10 Electric Vehicle Myths Busted by James Baggott, Author, Car Dealer Magazine
Confusion surrounds the running and operation of an electric car. Here, we try to clear that up.
- You can’t boil the kettle while charging an electric car
A National Grid report warned that home networks might struggle to cope with high-capacity car charging. However, EV owners with a low-capacity home network wouldn’t have a high-capacity charger, so there’s little chance of the network being overloaded.
- EVs are more expensive than petrol and diesel cars
Generally, the base price of an EV will be slightly more expensive, but manufacturers compensate by offering a generous specification so that with the government’s £4,500 zero-emission vehicle grant taken into account, they’re a pretty good deal, plus have low running costs. What’s more, as EV technology becomes more prevalent, costs will reduce – the new Nissan Leaf starts at £1,500 less than the old one.
- They’re more likely to catch fire in a crash
Concerns about crash safety are largely driven by a couple of high-profile Tesla Model S fires in 2013.
The EV maker upgraded its underbody battery pack protection in 2014 but also noted that the odds of fires in its cars were “five times lower than those of an average gasoline car”.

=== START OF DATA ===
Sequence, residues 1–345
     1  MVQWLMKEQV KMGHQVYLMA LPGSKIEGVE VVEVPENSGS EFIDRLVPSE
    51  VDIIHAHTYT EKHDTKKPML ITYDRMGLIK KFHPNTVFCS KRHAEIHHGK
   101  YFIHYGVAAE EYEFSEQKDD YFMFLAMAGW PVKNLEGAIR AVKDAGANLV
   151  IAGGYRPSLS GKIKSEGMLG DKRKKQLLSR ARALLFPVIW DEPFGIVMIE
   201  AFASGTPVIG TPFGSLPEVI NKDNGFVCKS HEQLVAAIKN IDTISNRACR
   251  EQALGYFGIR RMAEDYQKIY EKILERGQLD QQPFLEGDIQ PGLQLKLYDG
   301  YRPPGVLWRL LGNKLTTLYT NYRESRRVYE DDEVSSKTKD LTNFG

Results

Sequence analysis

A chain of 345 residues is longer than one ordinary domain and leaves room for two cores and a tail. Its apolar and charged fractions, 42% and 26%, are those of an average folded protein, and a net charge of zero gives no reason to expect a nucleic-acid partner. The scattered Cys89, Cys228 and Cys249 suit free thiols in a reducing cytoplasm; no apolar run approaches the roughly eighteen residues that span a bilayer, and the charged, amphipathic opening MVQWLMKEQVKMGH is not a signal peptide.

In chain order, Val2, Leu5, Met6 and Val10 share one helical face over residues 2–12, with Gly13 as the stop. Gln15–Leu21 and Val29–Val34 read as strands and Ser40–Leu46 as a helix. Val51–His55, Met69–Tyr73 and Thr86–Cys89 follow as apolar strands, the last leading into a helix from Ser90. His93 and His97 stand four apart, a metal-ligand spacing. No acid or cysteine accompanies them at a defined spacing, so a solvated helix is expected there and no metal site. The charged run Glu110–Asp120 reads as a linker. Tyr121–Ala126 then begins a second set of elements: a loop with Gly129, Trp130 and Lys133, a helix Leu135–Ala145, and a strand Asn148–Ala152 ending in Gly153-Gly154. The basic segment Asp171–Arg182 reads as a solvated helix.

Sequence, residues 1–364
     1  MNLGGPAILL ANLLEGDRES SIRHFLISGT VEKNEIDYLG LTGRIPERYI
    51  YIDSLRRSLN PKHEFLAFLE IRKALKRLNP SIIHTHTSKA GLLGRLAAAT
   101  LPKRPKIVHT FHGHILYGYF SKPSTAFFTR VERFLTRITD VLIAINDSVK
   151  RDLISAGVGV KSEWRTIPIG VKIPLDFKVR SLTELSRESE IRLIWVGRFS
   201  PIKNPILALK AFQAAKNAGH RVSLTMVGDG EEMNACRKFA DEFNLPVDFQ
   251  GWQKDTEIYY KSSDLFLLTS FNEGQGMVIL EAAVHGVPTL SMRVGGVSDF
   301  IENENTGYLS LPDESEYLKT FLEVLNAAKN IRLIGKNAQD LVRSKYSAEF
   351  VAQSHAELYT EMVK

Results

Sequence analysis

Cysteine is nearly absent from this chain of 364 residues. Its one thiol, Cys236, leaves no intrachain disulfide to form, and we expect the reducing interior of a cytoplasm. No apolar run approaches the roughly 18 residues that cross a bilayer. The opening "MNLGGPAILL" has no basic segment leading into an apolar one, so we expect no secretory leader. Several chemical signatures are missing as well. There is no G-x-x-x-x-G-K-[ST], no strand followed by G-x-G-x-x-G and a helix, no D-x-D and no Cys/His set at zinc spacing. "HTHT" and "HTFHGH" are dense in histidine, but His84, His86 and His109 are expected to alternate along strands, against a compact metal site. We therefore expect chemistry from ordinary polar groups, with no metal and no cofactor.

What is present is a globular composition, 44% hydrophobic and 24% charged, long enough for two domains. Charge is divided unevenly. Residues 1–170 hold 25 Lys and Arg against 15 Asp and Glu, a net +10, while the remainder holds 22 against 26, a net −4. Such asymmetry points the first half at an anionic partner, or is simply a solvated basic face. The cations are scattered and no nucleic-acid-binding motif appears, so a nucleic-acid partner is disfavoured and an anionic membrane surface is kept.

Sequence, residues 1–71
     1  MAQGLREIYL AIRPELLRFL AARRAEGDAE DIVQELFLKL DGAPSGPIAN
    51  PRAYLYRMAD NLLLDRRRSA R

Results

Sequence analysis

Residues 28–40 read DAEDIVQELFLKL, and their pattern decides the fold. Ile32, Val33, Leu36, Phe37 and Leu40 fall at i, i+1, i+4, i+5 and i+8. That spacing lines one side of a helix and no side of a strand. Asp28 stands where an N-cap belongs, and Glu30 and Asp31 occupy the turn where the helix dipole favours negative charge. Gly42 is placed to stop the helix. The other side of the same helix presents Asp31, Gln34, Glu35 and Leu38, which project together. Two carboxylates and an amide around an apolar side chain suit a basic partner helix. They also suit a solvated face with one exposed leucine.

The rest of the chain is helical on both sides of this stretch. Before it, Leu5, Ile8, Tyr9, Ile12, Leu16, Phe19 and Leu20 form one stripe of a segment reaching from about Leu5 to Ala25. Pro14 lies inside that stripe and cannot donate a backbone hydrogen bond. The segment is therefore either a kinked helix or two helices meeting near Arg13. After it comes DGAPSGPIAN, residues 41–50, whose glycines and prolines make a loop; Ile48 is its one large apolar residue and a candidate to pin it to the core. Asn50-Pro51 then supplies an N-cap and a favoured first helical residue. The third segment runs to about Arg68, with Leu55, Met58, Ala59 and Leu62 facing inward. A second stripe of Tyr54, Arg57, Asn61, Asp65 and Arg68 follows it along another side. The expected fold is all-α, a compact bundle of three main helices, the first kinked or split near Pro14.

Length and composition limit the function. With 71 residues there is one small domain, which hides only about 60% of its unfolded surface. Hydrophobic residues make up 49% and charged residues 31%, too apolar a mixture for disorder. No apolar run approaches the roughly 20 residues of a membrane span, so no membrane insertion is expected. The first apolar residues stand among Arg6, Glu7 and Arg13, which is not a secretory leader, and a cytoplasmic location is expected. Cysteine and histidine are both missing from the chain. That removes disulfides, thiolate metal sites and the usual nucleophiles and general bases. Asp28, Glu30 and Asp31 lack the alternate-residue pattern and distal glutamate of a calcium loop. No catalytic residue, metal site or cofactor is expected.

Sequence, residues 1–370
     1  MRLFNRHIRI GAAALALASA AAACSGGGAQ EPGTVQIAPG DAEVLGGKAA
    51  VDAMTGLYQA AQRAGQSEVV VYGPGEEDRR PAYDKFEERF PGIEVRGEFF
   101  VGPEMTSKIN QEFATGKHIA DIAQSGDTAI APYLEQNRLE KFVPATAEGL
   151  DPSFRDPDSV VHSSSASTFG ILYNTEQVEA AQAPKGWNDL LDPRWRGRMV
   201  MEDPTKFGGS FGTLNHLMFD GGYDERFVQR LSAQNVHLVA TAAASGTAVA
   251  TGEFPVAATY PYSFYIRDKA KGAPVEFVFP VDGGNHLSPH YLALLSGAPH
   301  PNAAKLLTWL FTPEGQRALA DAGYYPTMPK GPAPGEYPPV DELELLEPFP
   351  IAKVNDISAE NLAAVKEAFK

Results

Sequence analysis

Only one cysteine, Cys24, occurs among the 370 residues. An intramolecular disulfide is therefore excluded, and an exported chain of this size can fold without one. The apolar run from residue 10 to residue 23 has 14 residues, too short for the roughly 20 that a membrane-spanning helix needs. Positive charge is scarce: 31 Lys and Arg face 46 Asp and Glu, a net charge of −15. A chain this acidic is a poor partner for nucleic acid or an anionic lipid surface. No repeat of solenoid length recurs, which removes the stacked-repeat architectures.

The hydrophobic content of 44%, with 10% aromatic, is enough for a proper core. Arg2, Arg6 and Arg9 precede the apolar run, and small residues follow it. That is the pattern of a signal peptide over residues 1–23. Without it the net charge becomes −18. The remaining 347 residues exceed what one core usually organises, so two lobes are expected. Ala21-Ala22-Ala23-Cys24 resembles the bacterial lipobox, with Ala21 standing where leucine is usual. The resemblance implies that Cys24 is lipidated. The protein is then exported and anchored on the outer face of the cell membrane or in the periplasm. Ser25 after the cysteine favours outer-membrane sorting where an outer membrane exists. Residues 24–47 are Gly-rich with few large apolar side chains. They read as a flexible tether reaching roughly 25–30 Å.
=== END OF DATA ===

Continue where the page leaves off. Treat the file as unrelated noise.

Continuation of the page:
- You can’t drive them in car washes or when it’s raining
Water and electricity don’t mix, so manufacturers carefully seal all of the electrified components to make sure there aren’t any problems using car washes, or driving or charging in the rain.
- You can’t go very far
Most electric vehicles now have a range in excess of 150 miles, with 200 miles becoming the norm – and the average journey is less than nine miles.
- There’s nowhere to charge them
Long trips require a bit more planning, but charge point locator Zap Map indicates there are almost 15,000 connectors at more than 5,000 locations in the UK, with more added all the time.
Plus, rapid chargers can provide 80% of charge in about 30 minutes.
- The batteries don’t last very long
Batteries do have a finite life, but most manufacturers offer battery leasing for a monthly fee and will replace it for free when needed. Others offer replacement warranties, with five-to eight-year cover the norm.
- EVs are less environmentally friendly across their life cycle
The energy required to build an electric car can make it less environmentally friendly to produce than a traditionally fuelled car. However, a Norwegian study quoted by the BBC estimates an EV is about 10% better over its life cycle, and that will continue to improve.
- Battery disposal poses a huge environmental issue
It does, but the EV boom has encouraged lateral thinking to improve recycling rates, with companies taking used EV batteries for use elsewhere, such as home energy storage.
- They’re boring to drive
Modern electric cars can be genuinely fun to drive, particularly thanks to the high-torque motors, which make acceleration brisk. Tesla takes this to extremes with its Model S, which reaches 60mph in less than three seconds – comparable to the new McLaren Senna supercar, with its petrol-powered twin-turbo V8.